Not so long ago, whenever someone insisted that mirrorless cameras will be the dominant format going into the future of photography, DSLR users responded with incredulity. As long as Canon and Nikon are still making DSLRs, they argued, mirrorless cameras would always take a back seat.
No one was suggesting that mirrorless cameras are bad, just that they couldn’t keep up with DSLRs in terms of autofocus performance and build quality and lens selection.
Sure, mirrorless systems are compact and sometimes incorporate innovative features, but DSLR traditionalists refused to take mirrorless cameras seriously.
Then, seemingly all of a sudden, Sony, thanks to its Alpha series, became the best selling full-frame camera — mirrorless or DSLR — in the U.S. This announcement was made a month or so before Nikon and Canon were set to release their first mirrorless cameras.
Yes, Nikon and Canon, those DSLR stalwarts had succumbed to the demands of an evolving photography landscape.
It remains to be seen exactly how the Canon and Nikon offerings stack up against the more established mirrorless bodies by Sony and the pending full-frame camera from Panasonic. And it will be some time before anyone can make a fair assessment of Canon’s and Nikon’s impact on the overall mirrorless market, disregarding sensor size, which also includes highly respected gear from Fujifilm and Olympus.
The fact that Nikon and Canon finally introduced mirrorless cameras doesn’t prove DSLRs are dead, but perhaps it’s a hint that DSLR production will slow down. I’m not an industry insider, so that’s just a guess on my part, but history has shown that technology generally makes no effort to outlive its usefulness.
If and when mirrorless cameras take over, DSLR loyalists will remain and I’d hope those photographers have access to new gear when they need it. Because I personally don’t care what kind of camera sells more or what brand is most popular.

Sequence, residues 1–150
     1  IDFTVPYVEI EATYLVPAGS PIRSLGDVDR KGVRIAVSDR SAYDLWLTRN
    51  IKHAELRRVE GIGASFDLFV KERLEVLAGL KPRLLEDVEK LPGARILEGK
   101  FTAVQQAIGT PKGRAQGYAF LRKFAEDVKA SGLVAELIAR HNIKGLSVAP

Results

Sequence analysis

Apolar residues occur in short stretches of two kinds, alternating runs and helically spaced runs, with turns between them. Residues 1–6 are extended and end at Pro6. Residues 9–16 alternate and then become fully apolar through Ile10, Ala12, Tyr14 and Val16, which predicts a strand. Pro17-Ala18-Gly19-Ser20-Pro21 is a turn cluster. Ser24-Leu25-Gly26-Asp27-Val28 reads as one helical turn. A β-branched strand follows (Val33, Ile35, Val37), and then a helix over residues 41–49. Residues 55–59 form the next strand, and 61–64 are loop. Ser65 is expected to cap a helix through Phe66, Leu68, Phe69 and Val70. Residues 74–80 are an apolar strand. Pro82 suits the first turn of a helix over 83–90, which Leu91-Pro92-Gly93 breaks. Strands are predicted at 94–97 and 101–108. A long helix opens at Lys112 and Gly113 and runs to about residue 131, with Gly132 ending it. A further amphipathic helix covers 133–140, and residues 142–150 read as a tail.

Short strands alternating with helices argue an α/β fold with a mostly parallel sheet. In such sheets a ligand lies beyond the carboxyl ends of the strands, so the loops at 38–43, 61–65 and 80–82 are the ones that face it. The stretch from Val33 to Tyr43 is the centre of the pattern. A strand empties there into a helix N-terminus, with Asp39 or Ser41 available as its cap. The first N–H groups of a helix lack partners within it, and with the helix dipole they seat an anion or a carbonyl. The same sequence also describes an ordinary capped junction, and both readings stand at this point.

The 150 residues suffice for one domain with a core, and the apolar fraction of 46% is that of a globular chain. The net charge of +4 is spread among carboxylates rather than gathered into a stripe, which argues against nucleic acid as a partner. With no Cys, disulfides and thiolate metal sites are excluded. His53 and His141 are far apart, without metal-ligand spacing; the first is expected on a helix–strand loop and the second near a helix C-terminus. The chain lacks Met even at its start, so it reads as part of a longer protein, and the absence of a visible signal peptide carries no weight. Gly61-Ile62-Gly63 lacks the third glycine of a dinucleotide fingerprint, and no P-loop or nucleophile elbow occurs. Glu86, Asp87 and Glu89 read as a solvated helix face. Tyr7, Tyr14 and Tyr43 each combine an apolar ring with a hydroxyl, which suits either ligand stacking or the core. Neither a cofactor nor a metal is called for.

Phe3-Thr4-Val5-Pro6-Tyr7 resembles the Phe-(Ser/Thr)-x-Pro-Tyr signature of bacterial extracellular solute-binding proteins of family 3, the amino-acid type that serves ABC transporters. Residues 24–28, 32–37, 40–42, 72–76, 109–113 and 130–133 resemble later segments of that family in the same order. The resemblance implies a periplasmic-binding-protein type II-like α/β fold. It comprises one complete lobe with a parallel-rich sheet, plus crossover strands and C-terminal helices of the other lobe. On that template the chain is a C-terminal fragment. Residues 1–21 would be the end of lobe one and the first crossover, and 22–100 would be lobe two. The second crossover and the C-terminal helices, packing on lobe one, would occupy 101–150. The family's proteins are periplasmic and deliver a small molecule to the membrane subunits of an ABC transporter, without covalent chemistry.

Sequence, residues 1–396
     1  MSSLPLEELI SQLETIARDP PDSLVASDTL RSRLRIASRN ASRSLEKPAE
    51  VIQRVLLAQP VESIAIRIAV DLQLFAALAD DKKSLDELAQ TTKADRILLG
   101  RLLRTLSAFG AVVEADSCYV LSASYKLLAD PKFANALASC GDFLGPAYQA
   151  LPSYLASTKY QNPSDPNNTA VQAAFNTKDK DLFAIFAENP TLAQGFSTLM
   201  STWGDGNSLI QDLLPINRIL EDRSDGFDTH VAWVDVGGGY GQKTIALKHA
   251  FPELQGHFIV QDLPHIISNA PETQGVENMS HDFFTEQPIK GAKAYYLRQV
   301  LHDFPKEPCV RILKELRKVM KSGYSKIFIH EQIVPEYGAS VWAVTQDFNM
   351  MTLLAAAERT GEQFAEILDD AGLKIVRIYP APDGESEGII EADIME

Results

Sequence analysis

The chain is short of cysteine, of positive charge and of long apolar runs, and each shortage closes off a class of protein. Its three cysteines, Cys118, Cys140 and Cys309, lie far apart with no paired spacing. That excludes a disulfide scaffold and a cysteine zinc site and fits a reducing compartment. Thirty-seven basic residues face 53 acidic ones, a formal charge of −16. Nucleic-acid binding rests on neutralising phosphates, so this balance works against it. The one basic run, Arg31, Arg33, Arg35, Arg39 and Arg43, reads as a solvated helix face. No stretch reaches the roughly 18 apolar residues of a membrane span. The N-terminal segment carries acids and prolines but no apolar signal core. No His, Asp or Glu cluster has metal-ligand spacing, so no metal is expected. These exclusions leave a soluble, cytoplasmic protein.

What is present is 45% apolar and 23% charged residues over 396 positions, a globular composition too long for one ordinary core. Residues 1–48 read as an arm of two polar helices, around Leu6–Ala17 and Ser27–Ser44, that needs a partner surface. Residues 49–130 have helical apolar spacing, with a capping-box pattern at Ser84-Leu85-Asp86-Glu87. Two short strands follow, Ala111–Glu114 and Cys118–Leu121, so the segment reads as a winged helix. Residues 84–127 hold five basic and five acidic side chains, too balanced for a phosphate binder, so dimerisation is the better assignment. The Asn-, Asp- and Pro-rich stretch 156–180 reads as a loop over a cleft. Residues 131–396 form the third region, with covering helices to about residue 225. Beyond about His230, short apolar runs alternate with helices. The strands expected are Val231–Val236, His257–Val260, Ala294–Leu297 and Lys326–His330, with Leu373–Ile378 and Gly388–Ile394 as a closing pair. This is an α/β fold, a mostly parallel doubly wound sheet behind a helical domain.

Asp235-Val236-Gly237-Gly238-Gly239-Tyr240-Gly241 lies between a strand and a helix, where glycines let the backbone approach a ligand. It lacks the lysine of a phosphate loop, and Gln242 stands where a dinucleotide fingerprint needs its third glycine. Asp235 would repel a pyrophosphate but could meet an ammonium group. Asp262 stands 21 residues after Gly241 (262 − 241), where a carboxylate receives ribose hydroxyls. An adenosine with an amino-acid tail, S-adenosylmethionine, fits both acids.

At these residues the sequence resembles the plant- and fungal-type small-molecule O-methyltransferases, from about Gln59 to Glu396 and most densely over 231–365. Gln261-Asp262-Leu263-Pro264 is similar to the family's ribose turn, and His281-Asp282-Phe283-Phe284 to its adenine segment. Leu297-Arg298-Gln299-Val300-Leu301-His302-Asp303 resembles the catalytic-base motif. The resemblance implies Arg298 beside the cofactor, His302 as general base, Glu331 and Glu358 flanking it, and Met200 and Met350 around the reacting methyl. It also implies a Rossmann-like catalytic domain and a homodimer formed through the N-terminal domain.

The availability of options is what matters to me. But I’m also aware of the possibility that DSLRs could go the way of the floppy disk. The difference is I don’t know a single human who misses floppy disk storage. I know a few who would miss using a DSLR, though.
Looking at all this from a purely technological perspective, my gut says mirrorless should be the future of photography. There’s no reason for it not to be — in due time, mirrorless cameras will embody all of the advantages once held by DSLRs and none of their disadvantages. Plus, you know, all the good stuff that mirrorless cameras already do.
Are mirrorless cameras the way of the future? I don’t know. Ask me again three years from now.
As always, we'd love to hear your thoughts in the comments below
This is interesting because I have just read an article that mirrorless is on its way to death. There are two issues that Nikon and Canon will have to come to terms with: Mirrorless gear is a shared technology in sense that the lenses can be used across brands. It was a brilliant decision the companies made to encourage emerging technology. Canon and Nikon like to be very proprietary. I think those days are gone. The second issue is the inclination of mirrorless manufacturers to update software. Again, not something the Old Guard felt they had to do. I think Nikon and Canon will have to learn new ways or they will go the way of dinosaurs. That is the power of the marketplace.
I just ordered my 2nd Olympus OMD E-M10 (type II this time). I’ve been involved in photography for over 50 years, and I have yet to find a camera I have liked better. It is the perfect compromise between size, weight, image quality, and lens availability.
I said it will be the future in 2009 when Olympus 1st mirroless was launched on the market in commemoration of the brand’s 50th anniversary. Some people only say that now that the Dinausaurs Canon and Nikon launched they…sorry